BRUSSELS (AP) — The Latest on the debate over Britain’s impending departure from the European Union (all times local):
British Prime Minister Theresa May says her Brexit divorce deal with the European Union is still “the best deal that is negotiable,” as she aimed to win Parliament’s support.
In a stinging statement Monday to the House of Commons, May reminded lawmakers that any Brexit deal would require compromise.
She then asked whether or not the House of Commons really wanted to deliver Brexit — and if it was willing to re-open the political division within the country by challenging the 2016 vote of the British people to leave the bloc.
May’s comments came after she postponed the vote in parliament on her EU divorce deal, acknowledging she would have lost Tuesday’s vote by a “significant margin.” The decision throws her Brexit plans into chaos.
British Prime Minister Theresa May has postponed Parliament’s vote on her European Union divorce deal to avoid a shattering defeat — a decision that throws her Brexit plans into chaos.
All signs had pointed to a big defeat for the prime minister in the vote planned for Tuesday. But postponing the vote is a fresh humiliation for May, who became prime minister after Britain’s 2016 decision to leave the EU.
May has been battling on Brexit ever since — first to strike a divorce deal with the bloc, then to sell it to skeptical British lawmakers before the U.K. leaves the bloc on March 29.
Both Conservative and opposition Labour Party lawmakers have said they would not back the divorce deal that May and EU leaders agreed on last month.
The foreign minister of Belgium says the European Union might be willing to modify minor details of its Brexit agreement with the U.K. but that wholesale changes are out of the question.
Foreign Minister Didier Reynders told reporters in Brussels that it’s always “possible to discuss about some details but we (know) the limits and the red lines of the European Union.”
But he added: “it is quite difficult to change important elements.”
Reynders said he is “quite pessimistic” about the future of Brexit given developments in London.
He said he wants to hear exactly what Prime Minister Theresa May wants and that things would be clearer after she addresses the U.K. Parliament Monday.
The Dutch foreign minister says the European Union would study any new Brexit offer that British Prime Minister Theresa May makes but that chances are slim it would be accepted.
Minister Stef Block spoke in Brussels before May was due to address the British parliament on Monday afternoon about the divorce deal between Britain and the EU and was unaware of exactly what she might announce.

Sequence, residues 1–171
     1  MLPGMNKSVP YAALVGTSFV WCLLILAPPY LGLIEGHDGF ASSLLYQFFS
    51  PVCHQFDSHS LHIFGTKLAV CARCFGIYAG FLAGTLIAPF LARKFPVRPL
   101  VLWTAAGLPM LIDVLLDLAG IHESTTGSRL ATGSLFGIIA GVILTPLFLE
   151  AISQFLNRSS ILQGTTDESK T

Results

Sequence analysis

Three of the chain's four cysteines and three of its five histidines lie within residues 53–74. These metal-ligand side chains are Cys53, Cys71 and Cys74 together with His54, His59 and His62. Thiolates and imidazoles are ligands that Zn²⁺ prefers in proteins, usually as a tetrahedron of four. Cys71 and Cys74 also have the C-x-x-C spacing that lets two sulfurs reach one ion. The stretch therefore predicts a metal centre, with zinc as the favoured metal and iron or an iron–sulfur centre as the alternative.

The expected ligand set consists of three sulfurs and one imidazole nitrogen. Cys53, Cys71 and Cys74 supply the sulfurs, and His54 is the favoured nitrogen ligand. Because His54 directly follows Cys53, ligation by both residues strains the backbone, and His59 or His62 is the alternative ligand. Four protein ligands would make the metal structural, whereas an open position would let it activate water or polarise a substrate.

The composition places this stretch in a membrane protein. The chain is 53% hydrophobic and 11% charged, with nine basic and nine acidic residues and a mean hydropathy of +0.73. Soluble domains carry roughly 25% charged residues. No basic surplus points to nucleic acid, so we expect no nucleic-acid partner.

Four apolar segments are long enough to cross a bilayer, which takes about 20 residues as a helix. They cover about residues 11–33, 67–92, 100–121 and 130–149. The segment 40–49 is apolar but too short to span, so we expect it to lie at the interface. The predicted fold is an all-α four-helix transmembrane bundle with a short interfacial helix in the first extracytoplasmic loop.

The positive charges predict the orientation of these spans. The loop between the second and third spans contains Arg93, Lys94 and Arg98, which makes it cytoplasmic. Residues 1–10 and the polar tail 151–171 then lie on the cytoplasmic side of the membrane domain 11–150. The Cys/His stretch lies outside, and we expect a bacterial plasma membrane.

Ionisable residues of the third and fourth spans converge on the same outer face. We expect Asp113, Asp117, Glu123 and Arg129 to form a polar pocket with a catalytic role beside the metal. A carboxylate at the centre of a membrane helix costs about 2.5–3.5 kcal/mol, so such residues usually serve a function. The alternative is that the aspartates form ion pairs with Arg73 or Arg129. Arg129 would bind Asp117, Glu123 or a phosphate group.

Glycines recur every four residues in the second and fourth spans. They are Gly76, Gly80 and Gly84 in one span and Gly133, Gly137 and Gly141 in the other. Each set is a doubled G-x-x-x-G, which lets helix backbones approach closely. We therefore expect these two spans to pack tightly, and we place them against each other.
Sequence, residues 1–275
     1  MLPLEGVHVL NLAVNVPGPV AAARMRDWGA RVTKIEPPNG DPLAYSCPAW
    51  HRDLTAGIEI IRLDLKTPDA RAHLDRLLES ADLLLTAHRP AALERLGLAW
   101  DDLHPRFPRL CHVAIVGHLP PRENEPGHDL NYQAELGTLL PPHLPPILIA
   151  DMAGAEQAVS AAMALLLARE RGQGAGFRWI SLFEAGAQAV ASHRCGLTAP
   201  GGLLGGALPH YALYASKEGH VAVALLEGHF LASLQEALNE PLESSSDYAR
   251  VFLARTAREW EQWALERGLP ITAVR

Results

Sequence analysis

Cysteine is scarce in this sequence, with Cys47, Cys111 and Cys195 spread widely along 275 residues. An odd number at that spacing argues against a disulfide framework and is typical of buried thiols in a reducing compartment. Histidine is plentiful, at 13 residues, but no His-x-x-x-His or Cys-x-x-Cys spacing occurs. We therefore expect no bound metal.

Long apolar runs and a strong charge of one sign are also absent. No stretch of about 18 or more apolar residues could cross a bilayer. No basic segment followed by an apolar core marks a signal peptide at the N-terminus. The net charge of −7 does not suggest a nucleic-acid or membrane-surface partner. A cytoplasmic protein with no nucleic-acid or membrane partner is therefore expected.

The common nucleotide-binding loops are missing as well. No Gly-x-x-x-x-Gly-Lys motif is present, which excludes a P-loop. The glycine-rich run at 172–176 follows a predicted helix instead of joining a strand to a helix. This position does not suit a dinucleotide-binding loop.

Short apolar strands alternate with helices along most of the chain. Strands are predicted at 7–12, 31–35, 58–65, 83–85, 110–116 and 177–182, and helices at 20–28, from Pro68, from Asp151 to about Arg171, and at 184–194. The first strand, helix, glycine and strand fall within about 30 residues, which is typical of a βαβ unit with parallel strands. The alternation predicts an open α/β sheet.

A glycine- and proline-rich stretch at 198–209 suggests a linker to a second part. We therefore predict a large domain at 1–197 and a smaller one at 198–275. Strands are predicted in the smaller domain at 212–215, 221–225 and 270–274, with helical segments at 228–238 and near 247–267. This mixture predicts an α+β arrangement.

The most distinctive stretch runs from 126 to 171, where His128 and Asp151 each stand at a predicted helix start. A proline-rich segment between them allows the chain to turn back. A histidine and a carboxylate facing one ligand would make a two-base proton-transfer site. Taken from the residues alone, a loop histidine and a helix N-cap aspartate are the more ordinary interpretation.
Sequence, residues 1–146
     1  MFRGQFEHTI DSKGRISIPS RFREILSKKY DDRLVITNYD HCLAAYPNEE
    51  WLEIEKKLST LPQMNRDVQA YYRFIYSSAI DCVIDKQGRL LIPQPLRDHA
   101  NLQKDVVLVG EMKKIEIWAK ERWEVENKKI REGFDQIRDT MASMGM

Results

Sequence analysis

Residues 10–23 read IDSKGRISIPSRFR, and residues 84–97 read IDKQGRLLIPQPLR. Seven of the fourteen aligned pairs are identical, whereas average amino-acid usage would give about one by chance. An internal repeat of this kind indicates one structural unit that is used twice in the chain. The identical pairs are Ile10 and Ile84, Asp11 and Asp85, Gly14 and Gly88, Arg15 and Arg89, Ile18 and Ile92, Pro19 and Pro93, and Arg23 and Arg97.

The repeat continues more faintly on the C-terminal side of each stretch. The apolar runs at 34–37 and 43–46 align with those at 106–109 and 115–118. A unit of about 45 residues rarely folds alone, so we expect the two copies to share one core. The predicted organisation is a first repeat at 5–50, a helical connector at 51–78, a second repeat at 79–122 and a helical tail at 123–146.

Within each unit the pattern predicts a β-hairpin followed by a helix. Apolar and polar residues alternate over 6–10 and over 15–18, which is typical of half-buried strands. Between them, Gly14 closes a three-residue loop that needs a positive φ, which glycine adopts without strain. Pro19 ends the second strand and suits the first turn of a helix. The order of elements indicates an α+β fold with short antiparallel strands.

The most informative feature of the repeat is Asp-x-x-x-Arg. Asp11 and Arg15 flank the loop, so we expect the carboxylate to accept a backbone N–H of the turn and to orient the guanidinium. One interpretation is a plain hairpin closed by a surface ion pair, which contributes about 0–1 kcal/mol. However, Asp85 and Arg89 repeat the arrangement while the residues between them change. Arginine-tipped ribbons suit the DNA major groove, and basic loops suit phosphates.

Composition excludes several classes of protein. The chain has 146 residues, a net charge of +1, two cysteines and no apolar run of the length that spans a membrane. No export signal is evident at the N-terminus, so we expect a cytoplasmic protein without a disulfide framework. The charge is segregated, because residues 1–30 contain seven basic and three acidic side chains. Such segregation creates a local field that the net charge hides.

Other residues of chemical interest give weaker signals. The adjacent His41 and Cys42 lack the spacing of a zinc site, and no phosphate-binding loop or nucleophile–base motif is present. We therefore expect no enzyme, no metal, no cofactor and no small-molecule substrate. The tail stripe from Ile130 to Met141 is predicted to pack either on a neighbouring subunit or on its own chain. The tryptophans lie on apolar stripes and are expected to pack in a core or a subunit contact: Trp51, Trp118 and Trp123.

He says “of course we will look carefully at any proposal she might make.”
Blok added: “But we know how difficult it has been to reach agreement. So if there will be talks, it won’t be easy.”
The House of Commons in London is due to vote Tuesday on whether to accept or reject the Brexit deal, and signs point to a big defeat for May’s Brexit deal.
British Prime Minister Theresa May will make an emergency statement to Parliament about Brexit, amid reports that a crucial vote on her EU divorce deal will be postponed.
The House of Commons Speaker’s office says May will make the previously unscheduled statement at about 3:30 p.m. (10:30 a.m. EST).
The announcement came as May held talks with her Cabinet about the next steps in the Brexit process. The House of Commons is due to vote Tuesday on whether to accept or reject the Brexit deal, and signs point to a big defeat for the prime minister.
May’s office said the vote was definitely going ahead, but the BBC and other outlets reported it would be delayed.
The European Union’s top court has ruled that Britain can change its mind over Brexit, boosting the hopes of people who want to stay in the EU that the process can be reversed.
The European Court of Justice ruled Monday that when an EU member country has notified its intent to leave, “that member state is free to revoke unilaterally that notification.”
Britain voted in 2016 to leave the 28-nation bloc, and invoked Article 50 of the EU’s Lisbon Treaty in March 2017, triggering a two-year exit process. Article 50 contains few details, in part because the idea of any country leaving was considered unlikely.
The Luxembourg-based ECJ said that given the absence of any exit provision in Article 50, countries are able to change their mind in line with their own constitutional arrangements and that such a move “reflects a sovereign decision.”
The British government is free to do so as long as no withdrawal agreement has entered force.
Lawless reported from London.